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They have little training and are often overwhelmed by the tasks at hand, but adults who care for older relatives by and large say their experience is worthwhile, a recent poll reveals.
Conducted by the Associated Press and NORC Center for Public Affairs Research, the poll found that nearly half of family caregivers over age 40 handle medical tasks, from changing bandages to inserting catheters or feedings tubes. Among that group, only 47 percent say they have received adequate training to perform those tasks. But more than 90 percent of family caregivers say they value the experience.
Despite that sentiment, the lack of caregiver training underscores serious shortcomings in the sort of informal long-term care that many rely on, an expert says.
“Caregivers are taken for granted, and they are invisible in the system,” Judy Feder, a professor of public policy at Georgetown University McCourt School of Public Policy, told the AP. “It’s bad for them, it’s bad for care recipients, and it’s bad for the system.”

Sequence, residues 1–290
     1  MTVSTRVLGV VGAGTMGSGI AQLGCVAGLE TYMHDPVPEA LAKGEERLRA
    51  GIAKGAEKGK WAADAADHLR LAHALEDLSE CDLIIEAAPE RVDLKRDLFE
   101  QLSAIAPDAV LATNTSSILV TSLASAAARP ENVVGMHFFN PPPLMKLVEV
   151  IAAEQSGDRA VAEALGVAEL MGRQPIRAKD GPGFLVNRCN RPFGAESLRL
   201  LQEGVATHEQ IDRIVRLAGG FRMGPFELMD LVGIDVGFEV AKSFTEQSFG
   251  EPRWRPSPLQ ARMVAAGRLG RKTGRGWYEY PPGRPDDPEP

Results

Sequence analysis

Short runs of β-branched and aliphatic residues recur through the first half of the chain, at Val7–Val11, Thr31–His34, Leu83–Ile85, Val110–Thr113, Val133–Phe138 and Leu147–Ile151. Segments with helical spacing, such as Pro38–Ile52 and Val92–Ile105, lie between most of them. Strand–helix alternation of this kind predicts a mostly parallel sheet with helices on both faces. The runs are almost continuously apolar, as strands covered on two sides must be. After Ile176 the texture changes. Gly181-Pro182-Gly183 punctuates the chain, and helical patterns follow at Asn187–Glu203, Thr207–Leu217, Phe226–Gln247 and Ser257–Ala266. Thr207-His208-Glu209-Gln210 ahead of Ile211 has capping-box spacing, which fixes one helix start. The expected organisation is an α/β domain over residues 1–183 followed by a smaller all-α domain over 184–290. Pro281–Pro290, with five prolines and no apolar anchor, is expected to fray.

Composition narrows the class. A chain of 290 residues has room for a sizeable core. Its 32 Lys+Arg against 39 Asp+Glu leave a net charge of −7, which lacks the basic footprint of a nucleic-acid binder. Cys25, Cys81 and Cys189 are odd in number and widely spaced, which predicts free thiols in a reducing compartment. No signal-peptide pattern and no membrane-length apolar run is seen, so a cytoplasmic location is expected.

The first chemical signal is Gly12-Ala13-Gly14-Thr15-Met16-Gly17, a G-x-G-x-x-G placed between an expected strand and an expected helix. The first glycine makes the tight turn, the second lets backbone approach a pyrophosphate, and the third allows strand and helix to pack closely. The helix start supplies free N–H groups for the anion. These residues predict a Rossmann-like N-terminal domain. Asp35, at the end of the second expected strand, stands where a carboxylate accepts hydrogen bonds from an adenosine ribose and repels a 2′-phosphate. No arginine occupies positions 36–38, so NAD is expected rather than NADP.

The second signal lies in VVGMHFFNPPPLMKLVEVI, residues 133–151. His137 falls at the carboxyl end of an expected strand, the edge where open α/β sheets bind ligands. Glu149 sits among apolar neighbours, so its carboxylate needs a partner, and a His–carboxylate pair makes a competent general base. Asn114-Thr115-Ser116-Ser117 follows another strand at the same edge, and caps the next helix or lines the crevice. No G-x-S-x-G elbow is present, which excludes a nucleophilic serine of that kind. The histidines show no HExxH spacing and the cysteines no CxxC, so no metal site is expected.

Among the poll’s other findings:
- Nearly half say it’s difficult to balance work and caregiving.
- Men are more likely to have employers who are not supportive of their caregiving duties.
- Eight percent say they have been sidelined from job-growth opportunities because of their caregiving responsibilities.
- Alzheimer’s disease and other mental-health conditions are more stressful on caregivers than dealing with physical ailments.
The poll was conducted online and via phone. Pollsters interviewed 1,004 people with experience in long-term care.
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